1
The phenomena of vagueness

1. CENTRAL FEATURES OF VAGUE EXPRESSIONS

The parties to the vigorous debates about vagueness largely agree about which predicates are vague: paradigm cases include 'tall', 'red', 'bald', 'heap', 'tadpole' and 'child'. Such predicates share three interrelated features that intuitively are closely bound up with their vagueness: they admit borderline cases, they lack (or at least apparently lack) sharp boundaries and they are susceptible to sorites paradoxes. I begin by describing these characteristics.

Borderline cases are cases where it is unclear whether or not the predicate applies. Some people are borderline tall: not clearly tall and not clearly not tall. Certain reddish-orange patches are borderline red. And during a creature's transition from tadpole to frog, there will be stages at which it is a borderline case of a tadpole. To offer at this stage a more informative characterisation of borderline cases and the unclarity involved would sacrifice neutrality between various competing theories of vagueness. Nonetheless, when Tek is borderline tall, it does seem that the unclarity about whether he is tall is not merely epistemic (i.e. such that there is a fact of the matter, we just do not know it). For a start, no amount of further information about his exact height (and the heights of others) could help us decide whether he is tall. More controversially, it seems that there is no fact of the matter here about which we are ignorant: rather, it is indeterminate whether Tek is tall. And this indeterminacy is often thought to amount to the sentence 'Tek is tall' being neither true nor false, which violates the classical principle of bivalence. The law of excluded middle may also come into question when we consider instances such as 'either Tek is tall or he is not tall'.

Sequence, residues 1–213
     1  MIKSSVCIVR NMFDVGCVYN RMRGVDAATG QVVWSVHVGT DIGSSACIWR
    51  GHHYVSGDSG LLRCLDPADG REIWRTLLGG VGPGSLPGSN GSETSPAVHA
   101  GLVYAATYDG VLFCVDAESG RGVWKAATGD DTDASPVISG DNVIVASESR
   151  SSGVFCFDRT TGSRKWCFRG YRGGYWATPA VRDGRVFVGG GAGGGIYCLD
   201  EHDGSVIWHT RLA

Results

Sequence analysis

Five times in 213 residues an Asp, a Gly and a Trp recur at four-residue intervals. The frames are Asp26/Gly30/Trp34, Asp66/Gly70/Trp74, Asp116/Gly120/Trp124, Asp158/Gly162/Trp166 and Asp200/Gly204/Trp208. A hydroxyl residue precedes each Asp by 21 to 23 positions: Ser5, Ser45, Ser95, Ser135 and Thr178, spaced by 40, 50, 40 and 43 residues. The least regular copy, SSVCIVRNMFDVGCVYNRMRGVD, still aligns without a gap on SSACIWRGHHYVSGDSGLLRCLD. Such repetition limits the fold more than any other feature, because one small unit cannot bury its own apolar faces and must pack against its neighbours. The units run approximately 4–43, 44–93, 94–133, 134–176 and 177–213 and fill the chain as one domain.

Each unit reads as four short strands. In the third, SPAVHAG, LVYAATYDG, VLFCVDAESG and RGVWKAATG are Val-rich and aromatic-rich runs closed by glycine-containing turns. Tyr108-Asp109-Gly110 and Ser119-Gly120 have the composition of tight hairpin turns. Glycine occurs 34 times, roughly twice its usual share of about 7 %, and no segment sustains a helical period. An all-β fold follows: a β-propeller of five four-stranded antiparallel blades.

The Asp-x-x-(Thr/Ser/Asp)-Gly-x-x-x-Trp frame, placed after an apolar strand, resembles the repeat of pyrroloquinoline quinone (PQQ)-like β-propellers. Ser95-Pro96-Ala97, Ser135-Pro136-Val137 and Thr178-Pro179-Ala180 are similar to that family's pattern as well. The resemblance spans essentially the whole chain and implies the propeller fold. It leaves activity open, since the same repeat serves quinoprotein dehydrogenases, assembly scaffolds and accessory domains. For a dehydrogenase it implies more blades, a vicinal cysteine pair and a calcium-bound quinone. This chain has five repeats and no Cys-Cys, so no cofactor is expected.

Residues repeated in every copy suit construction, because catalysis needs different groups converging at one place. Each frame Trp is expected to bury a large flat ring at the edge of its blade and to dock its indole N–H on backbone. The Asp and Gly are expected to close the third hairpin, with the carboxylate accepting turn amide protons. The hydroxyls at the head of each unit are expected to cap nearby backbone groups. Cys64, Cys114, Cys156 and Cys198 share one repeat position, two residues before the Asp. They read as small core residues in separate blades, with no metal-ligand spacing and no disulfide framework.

Second, vague predicates apparently lack well-defined extensions. On a scale of heights there appears to be no sharp boundary between

-6-

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Theories of Vagueness
Table of contents

Table of contents

  • Cambridge Studies in Philosophy - Theories of Vagueness *
  • Cambridge Studies in Philosophy *
  • Title Page *
  • For My Parents, Sheila and Terry *
  • Contents ix
  • Acknowledgements xi
  • Introduction 1
  • 1 - The Phenomena of Vagueness 6
  • 2 - How to Theorise About Vagueness 37
  • 3 - The Epistemic View of Vagueness 62
  • 4 - Between Truth and Falsity: Many-Valued Logics 85
  • 5 - Vagueness by Numbers 125
  • 6 - The Pragmatic Account of Vagueness 139
  • 7 - Supervaluationism 152
  • 8 - Truth is Super-Truth 202
  • References 221
  • Index 229
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